Is it any wonder the hormonally charged boys who got up early on weekends to watch Electra Woman & Dyna Girl are now demographically-targeted Gen-Xers staying up late for The X Show? That the hair-gelled slickster pushing commission-sales home electronics on you takes long lunch breaks with his latest Maxim? That Mr. Goatee serving your double-tall non-fat mocha latte pre-ordered a Charlie's Angels DVD from Amazon.com months ago? That The WB has a pilot in development for a revamped '00s take on the Gynamic Duo? That it's somehow OK for hipster Gen-X writers to peel off terms like "Gynamic Duo"? Electra Woman & Dyna Girl was part of The Krofft Supershow, an unholy '76-'78 mess of a Saturday-morning variety show from producers Sid & Marty Krofft, who are responsible for an entire generation of dysfunctional adults, not just males. The Bugaloos, Sigmund and the Sea Monsters, H.R. Pufnstuf, Lidsville, Land of the Lost -- if it involved slipshod puppets and a $27 soundstage, rest assured it was a piece of Krofft.
The Krofft Supershow didn't offer much to young women -- hosting "rock band" Kaptain Kool & the Kongs, who were eventually replaced by the Bay City Rollers, looked to be in their early 30s and sounded easily replaceable by a talentless Scottish pop group -- but it did give us eight wondrous episodes of Lori (Deidre Hall, later of Days of Our Lives) and Judy (Judy Strangis, later of abject obscurity) becoming snug-costumed superheroines and kicking supervillain ass with stack-heeled boots that would give the Spice Girls vertigo. If pre-teen girls got anything out of Electra Woman & Dyna Girl, it was a vague message of wedgie empowerment over the virtues of sensible shoes... or something. Either way, Kaptain Kool was a dick.
Sure, alter egos Lori and Judy were career women -- if you call journalism a career. They were writers for Newsmaker magazine, but no one ever took notice when the strictly platonic older-woman-and-younger-assistant couple would disappear and re-emerge in bright spandex (and mask-less) costumes minutes later and cruise off in the snazzy and fuel-efficient Electra Car. This was either a major scripting gaffe or a tribute to Newsmaker's progressive "don't ask, don't tell" policy.
Like the upcoming Josie & the Pussycats movie, The WB's Electra Woman & Dyna Girl update purports to be an irony-rich, grrl-powered overhaul bordering on spoof: Having hit the skids in the years after Dyna Girl/Judy bailed on crime fighting for modeling, Electra Woman/Lori's now a penniless drunk living in a trailer park, according to the network's initial pilot workup. The as-yet-uncast role calls for a "good-looking, statuesque blonde, 35-40," and I'm projecting Daisy Fuentes. After participating last year in a thankfully aborted action series called I-Spike (international volleyball pro by day, international spy by night -- no, really!), she's gotta be ready for anything.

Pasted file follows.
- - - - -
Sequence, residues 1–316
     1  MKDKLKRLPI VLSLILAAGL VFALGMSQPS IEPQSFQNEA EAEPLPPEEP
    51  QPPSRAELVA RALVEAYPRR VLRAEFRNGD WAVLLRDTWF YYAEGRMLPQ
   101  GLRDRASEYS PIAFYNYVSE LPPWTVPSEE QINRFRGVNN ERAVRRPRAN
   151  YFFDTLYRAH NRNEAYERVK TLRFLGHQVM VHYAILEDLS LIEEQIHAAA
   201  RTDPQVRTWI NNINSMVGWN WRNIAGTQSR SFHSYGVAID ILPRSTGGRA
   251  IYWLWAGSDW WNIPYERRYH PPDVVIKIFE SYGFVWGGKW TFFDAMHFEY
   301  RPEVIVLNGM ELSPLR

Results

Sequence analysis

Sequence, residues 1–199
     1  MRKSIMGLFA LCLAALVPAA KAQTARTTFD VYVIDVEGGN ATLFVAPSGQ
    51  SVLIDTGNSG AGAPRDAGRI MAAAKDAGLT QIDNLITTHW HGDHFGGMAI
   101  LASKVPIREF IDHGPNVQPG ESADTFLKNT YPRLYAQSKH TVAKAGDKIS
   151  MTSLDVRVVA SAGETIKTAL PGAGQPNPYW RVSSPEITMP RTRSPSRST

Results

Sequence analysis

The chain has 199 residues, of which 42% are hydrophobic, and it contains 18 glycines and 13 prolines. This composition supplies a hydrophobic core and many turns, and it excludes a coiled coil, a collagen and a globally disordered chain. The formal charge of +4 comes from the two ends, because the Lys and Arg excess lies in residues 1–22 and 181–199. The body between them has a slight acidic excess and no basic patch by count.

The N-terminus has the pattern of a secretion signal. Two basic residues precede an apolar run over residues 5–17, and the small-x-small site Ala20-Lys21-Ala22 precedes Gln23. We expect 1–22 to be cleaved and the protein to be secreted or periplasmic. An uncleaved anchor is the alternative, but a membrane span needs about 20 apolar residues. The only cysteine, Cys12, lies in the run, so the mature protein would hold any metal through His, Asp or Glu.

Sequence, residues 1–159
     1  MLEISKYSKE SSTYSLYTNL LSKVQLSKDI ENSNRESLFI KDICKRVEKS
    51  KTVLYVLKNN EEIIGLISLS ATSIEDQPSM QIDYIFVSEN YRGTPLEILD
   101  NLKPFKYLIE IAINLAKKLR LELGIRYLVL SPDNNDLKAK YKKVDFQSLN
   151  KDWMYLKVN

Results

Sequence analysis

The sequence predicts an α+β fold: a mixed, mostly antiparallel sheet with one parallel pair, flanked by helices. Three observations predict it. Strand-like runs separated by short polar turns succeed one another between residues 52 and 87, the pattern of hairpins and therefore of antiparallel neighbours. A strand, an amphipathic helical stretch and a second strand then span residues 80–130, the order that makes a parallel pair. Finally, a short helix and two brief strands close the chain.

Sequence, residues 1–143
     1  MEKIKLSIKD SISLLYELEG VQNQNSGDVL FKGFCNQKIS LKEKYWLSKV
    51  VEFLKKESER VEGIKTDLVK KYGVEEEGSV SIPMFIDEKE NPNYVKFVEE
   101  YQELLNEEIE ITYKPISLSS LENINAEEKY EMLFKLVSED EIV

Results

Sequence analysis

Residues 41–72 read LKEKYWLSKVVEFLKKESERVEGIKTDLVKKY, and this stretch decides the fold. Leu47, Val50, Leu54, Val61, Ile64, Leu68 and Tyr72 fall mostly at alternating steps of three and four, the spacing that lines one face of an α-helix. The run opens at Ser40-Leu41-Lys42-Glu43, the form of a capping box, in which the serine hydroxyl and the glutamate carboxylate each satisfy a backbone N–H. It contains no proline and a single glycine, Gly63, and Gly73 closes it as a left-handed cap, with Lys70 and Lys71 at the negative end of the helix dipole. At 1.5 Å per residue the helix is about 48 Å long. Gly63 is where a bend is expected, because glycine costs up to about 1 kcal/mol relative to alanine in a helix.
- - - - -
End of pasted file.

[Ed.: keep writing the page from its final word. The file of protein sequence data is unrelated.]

The new Judy -- they're attached to the name, apparently -- is a "bright, imaginative, pretty but mildly obsessive 18-to-19-year-old brunette with not much of a social life." To drive this point home, she's a journalism major at USC who hopes to land a job at the school paper with a lifestyle piece on Electra Woman. Yes, a moist review of the new Dave Matthews album would probably get her in, but it seems Electra Woman saved this Judy's life as a tyke, and she's been obsessed with EW ever since.
Once Judy tracks down Lori to the double-wide, she convinces the soused superheroine to return to action, and gets recruited as the new Dyna Girl in the process. I'd love to see 18-to-19-year-old brunette Carly Pope (coincidentally, a journalism major on The WB's Popular) as Judy II, but only because I'm obsessed with her and she won't return my calls.
Other than sheer sassiness, Electra Woman & Dyna Girl had no superpowers, per se, but they did have an impressive assortment of cool crime-fighting toys (like the all-seeing Crime Scope) engineered by resident old genius Frank. This time around, the unmarketable coot will be replaced by "Griffen, a good-looking techno-head, 18-19, whose fascination with Judy's breasts is obvious -- but not to Judy."
Watch it: This is exactly how Kaptain Kool (now an editor for Maxim) lost his first gig.
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